Age 60+

Now is the time to maximise your tax break and continue to build your retirement fund.

How much do I need to invest?

How much do I need to invest?

retirement-option-pictureYou are now about six years from retirement so it is important to plan your investment strategy and have a realistic view of the value of your fund when you reach retirement age.  Your retirement age can be anytime after age 60 (subject to scheme rules).

How much tax relief do I get on each contribution invested?

The taxman is willing to give a helping hand and will give you income tax relief at your marginal rate on up to 40% of your net relevant earnings. That is a very attractive incentive particurarly if you are a higher rate tax payer which is 41%.

Lets look at those figures for a high rate tax payer who contributes €10,000 to their pension fund. They will get tax relief of €4,100.  The net cost is €5,900 (correct May 2013 and may be sumbect to change in tax rules).  The calculation for a standard rate tax payer  is a net cost of €8,000 for an investment of €10,000.

Therefore you should maximise your tax break opportunity in the years leading up to retirement.

Because pensions are designed specifically for retirement, they offer a number of advantages that other savings plans don’t.

  • The money you pay in benefits from tax relief.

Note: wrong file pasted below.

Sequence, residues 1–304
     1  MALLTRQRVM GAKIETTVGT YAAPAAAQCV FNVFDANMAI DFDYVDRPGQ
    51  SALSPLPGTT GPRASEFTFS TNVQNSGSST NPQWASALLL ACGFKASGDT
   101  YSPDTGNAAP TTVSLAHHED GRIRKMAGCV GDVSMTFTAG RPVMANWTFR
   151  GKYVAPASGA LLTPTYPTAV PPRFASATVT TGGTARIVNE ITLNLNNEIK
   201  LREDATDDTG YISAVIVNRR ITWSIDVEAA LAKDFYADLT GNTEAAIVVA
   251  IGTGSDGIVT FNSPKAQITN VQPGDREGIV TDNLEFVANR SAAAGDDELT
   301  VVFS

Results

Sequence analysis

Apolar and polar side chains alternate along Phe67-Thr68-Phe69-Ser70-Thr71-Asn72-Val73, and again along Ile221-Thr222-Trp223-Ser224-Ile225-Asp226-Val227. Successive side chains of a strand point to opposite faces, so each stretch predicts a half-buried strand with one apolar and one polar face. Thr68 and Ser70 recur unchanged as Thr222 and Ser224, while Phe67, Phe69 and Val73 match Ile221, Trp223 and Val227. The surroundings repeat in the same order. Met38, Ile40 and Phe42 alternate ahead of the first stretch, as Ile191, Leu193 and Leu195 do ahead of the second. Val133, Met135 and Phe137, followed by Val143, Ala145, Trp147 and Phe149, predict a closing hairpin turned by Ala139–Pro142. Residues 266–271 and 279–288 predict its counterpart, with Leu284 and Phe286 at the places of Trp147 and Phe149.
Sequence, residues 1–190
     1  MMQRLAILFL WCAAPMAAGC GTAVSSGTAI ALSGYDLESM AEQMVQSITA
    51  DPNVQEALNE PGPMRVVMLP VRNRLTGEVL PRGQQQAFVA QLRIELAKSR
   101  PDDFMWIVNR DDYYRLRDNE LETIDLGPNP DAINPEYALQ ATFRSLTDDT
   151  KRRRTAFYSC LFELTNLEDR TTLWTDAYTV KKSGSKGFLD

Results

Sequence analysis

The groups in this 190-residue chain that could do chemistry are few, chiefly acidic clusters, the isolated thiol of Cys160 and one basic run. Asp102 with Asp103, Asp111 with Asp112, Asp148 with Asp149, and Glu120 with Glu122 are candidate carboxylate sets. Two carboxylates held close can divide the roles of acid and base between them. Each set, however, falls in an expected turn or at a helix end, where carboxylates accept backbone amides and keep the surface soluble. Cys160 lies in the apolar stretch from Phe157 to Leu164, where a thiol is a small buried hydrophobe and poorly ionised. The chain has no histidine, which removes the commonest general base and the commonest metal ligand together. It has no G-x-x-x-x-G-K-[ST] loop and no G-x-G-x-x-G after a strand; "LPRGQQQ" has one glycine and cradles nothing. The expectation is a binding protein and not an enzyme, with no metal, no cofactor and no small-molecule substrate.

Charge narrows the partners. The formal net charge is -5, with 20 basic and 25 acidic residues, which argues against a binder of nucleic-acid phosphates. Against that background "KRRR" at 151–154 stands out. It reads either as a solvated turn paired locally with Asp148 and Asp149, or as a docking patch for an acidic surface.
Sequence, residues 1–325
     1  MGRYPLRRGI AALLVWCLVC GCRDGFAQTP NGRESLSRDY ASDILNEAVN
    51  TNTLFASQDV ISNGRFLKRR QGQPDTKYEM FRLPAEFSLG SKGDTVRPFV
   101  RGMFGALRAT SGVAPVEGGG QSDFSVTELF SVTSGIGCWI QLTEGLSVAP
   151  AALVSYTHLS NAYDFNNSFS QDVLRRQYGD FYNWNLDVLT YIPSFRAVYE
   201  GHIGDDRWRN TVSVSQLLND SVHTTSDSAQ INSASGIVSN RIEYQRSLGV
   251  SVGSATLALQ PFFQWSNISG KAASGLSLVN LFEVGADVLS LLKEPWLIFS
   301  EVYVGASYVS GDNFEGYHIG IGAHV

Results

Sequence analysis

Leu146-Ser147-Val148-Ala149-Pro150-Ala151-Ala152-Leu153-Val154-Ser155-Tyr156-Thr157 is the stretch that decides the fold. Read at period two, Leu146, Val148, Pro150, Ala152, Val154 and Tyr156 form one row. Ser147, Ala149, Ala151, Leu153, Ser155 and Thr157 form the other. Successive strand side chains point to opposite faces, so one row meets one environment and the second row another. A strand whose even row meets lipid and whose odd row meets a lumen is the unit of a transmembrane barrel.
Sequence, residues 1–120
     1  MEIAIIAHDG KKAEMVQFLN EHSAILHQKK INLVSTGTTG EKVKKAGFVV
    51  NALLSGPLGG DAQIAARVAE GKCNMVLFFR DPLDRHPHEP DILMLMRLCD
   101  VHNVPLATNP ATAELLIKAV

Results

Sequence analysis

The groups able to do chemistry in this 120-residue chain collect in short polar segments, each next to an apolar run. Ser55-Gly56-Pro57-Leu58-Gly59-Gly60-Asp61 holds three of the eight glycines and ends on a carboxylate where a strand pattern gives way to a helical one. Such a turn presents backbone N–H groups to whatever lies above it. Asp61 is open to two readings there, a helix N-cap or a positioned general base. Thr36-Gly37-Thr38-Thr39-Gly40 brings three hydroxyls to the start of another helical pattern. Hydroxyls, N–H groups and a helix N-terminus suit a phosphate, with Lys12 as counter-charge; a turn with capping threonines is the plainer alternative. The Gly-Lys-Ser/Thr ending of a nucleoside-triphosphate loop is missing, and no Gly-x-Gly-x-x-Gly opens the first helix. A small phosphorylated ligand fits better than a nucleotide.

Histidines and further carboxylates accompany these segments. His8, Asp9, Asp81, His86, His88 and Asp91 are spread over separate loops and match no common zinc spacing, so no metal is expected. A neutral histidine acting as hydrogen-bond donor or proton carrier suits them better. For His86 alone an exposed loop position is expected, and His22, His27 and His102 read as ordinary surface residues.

• Your money grows in a tax efficient way as no capital gains tax applied to growth.

We’ve based these details on our understanding of current taxation law and practice. They might be affected by any future changes in legislation.

When can I access State Pension?

The age for accessing the State Pension is increasing as follows:

  • 1st January 2014 – State Pension age is 66
  • 1st January 2021 – State Pension age is 67

Checklist - it important to collect all the relevant information.

  • Request up-to-date statements for your personal and company pensions including your AVC’s.
  • You may need to write to previous employers to enquire about retained pension benefits.
  • Write to the Department of Family & Social Protection to establish your State pension entitlement.
  • Gauge how much money you will require to support your retirement.
  • Seek advice if there’s a significant shortfall as delaying or phasing retirement could be an option.
  • De-risk your investments to protect your pension from downturns in the stock market. It is vital that you understand the amount of investment risk you are currently taking and the investment options available to you.
  • Boost your pension by increasing your contributions and/or adding lump sum payments.
  • Think about the tax free payment you may be entitled to and whether you want to take your pension as an annuity or through income drawdown.
  • If you want to take an annuity, decide which type.  An annuity can, for example, increase by a set percentage, be linked to the rate of inflation or provide a spouses pension.
  • Consider whether you want to take 25% of your pension pot as a tax-free lump sum – and think about how you might use this money and the choices available for the remainder of your fund. If you choose 25% of the fund then the balance is invested in an Approved Retirement Fund – subject to conditions.
  • Write a Will or review any existing Will you have in place
  • Check what will happen to your pension on death.
  • Assess the value of your estate for inheritance tax purposes and consider ways to reduce your liability.

For Clear Impartial Advice on Pension Planning: Contact Future